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Devil's Den is an underwater cavern in Williston. The roof of an underground river collapsed to form a window, exposing the river to the open air and resulting in the cave's formation. The cave is privately owned, and it is used for recreational activities, especially SCUBA diving and SCUBA training. Due to the water being underground, it remains at a constant temperature of 72 degrees. However, when the outside weather is cold, steam rises from the water's surface, causing early visitors to suggest it looked like a chimney from Hell – hence the memorable name. Only scuba divers and snorkelers are able to visit the cave on guided visits; it is not open to the public for general swimming. Florida beaches offer a cheap way to enjoy the state's natural beauty.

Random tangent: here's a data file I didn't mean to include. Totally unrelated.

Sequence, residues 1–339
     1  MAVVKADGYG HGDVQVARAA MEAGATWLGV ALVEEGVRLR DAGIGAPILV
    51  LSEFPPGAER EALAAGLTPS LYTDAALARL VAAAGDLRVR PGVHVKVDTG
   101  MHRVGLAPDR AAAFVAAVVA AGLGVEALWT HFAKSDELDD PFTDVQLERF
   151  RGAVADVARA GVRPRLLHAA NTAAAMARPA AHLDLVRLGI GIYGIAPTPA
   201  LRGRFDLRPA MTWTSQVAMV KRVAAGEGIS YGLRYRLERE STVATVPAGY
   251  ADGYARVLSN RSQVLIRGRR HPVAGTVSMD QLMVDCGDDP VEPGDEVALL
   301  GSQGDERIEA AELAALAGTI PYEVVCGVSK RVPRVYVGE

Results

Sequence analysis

5390 NE 180 Avenue, Williston, FL 32696
3. Caves in Florida: Florida Caverns State Park
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Florida Caverns is one of the state's only state parks with dry caves. It is also the only state park in Florida that offers public tours of the caves. The cavern has stunning rock formations, including limestone stalagmites and stalactites, flowstones, soda straws, draperies, and more. The park that the caverns are a part of has a full range of recreational activities; some of the most popular include picnicking, camping, hiking, fishing, and horseback riding. There is also a 9-hole golf course. Visitors can take guided tours of the Florida Cavern itself. The tour takes about 45 minutes and is somewhat strenuous. Read about the best Florida weekend getaways for a relaxing vacation.